Qatar helped the Taliban free its key leaders from Guantanamo Bay detention camp, remove its commanders from the Western blacklist, and exchange their prisoners with prisoners of the government of Afghanistan. The Taliban will not forget the favor of the Qataris and will reward them. Qataris are thinking about their influence in Central Asia. Afghanistan is seen as a bridge to expand Qatar’s financial, economic and ideological influence in Central Asia. In Central Asia, Qatar began building magnificent mosques via mosque diplomacy, and expanded economic cooperation and investment in the oil, gas, mining, banking, agriculture industries, and even education and culture cooperation with Tajikistan, Kazakhstan, and Turkmenistan.

Investment is one of Qatar’s ways to influence Afghanistan’s future. Qatar uses international investments as tools to advance its foreign policy goals. In some cases, Doha tries to influence the foreign policy decisions of Western and neighboring countries via its investments, but in others, it uses them to counter the spread of other Gulf countries in foreign countries.

Qatar is trying to become an integral part of Afghan politics under Taliban rule, primarily through investment and financial assistance and participation in reconstruction. The Taliban need money to stay in power. Da Afghanistan Bank, the central bank of the country, had around $9.5 billion in assets frozen by the United States, including cash shipments, which the Taliban can no longer access. In addition, international organizations such as the European Union have cut off financial aid to Afghanistan, making it conditional on the Taliban respecting human rights. In this situation, the Taliban are increasingly dependent on Qatari financial aid.

Other Gulf states, such as Saudi Arabia and the UAE, are likely to invest in Afghanistan to compete with Qatar, but make their funding conditional on the Taliban pursuing specific policies. It will take a long time for them to invest in Afghanistan and negotiate with the Taliban, but Qatar is interacting with them thanks to eight years of Taliban asylum, requiring less coordination. Thus, Qatar is a few steps ahead of other rich Gulf states in terms of the Taliban’s financial dependence on Qatar’s budget resources.

Limits of Qatar’s influence

Qatar is not alone in Afghanistan and will face restrictions from competitors. Iran is one of the countries that established its relations with the Taliban years ago. Unlike Qatar, which has been interacting with Afghanistan and its official government through the US perspective, In the past decades, Iran has devoted itself to interacting directly with Afghanistan’s diverse ethnicities. Iran thus remains well-positioned to gain a stronger role in Afghanistan due to past efforts to build ties with all segments of Afghani society, including religious leadership and government. This penetration may produce conflict with Qatar and other Gulf countries.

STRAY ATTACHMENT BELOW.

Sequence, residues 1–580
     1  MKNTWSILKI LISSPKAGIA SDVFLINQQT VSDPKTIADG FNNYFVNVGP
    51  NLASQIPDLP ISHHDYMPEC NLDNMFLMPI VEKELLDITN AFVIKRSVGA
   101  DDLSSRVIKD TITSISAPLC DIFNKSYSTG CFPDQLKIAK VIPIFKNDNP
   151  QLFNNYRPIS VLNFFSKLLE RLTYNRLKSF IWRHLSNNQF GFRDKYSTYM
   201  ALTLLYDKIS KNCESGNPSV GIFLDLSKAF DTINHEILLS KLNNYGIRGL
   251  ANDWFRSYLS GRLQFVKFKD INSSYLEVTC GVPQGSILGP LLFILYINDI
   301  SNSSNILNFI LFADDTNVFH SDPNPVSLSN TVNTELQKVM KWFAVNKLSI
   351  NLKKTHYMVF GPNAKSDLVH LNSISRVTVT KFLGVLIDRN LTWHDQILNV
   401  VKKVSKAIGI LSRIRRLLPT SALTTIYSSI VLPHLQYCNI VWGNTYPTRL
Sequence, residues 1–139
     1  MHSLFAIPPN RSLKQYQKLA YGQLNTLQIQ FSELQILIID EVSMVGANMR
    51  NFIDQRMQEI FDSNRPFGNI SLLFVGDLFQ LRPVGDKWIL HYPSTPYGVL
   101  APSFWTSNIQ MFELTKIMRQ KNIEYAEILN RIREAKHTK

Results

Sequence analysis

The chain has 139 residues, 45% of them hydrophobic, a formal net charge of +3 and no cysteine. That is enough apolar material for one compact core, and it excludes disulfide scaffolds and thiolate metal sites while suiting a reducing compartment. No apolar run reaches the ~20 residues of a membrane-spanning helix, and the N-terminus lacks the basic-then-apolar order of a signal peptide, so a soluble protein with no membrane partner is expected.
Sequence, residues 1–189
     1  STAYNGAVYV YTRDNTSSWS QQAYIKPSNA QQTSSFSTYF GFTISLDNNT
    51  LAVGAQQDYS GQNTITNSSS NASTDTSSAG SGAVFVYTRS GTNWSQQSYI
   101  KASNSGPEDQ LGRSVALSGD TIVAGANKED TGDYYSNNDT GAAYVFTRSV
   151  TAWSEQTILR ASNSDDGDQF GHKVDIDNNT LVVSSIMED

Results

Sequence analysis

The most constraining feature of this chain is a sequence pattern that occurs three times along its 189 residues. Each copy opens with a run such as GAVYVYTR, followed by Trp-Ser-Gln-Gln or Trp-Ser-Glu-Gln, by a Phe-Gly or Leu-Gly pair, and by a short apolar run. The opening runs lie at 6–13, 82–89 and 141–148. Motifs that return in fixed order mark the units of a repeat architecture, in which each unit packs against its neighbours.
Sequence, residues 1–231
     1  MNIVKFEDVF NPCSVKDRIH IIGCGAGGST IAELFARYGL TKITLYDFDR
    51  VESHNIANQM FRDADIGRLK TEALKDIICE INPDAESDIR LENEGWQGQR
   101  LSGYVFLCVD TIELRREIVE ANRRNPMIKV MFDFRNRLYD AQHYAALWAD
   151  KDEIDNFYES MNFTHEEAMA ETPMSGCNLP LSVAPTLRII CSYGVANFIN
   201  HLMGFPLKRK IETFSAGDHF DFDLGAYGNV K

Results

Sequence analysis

History has shown that the Gulf states, in addition to investing in post-war countries, are equally likely to intervene in post-conflict developing states. This has been witnessed both in the Persian Gulf region (such as in Iraq and Yemen) and outside the region (such as Libya and Syria). It follows that a major expansion of Iranian influence in Afghanistan could trigger a proxy war between various countries in the region.

Perpetuating Qatari activities in Afghanistan is a function of the assessment of the US government regarding the existential nature of the Taliban in Afghanistan. The United States vowed to isolate Taliban if they took power by force, which is precisely what happened. If US does not recognize the Taliban government, the diplomatic situation will become very difficult for Qatar. Doha follows US policy in this regard, but it should be understood that Qatar will not endanger its role as mediator. Qatar will surely remain at the center of all conversations, because there isn’t any viable alternative.

The Taliban represents Qatar’s political capital in Afghanistan, nurtured by both support of Islamist groups in Qatar’s foreign policy and eight years of experience hosting and indirectly influencing them. As a result, over the next few years, Qatar will spend this accumulated political capital in an attempt to moderate the more radical groups in Afghanistan and facilitate their integration into the state-building process and intra-Afghan negotiations, all to the ultimate benefit of the new regime’s legitimacy on the world stage.

The views expressed in this article are those of the authors alone and do not necessarily reflect those of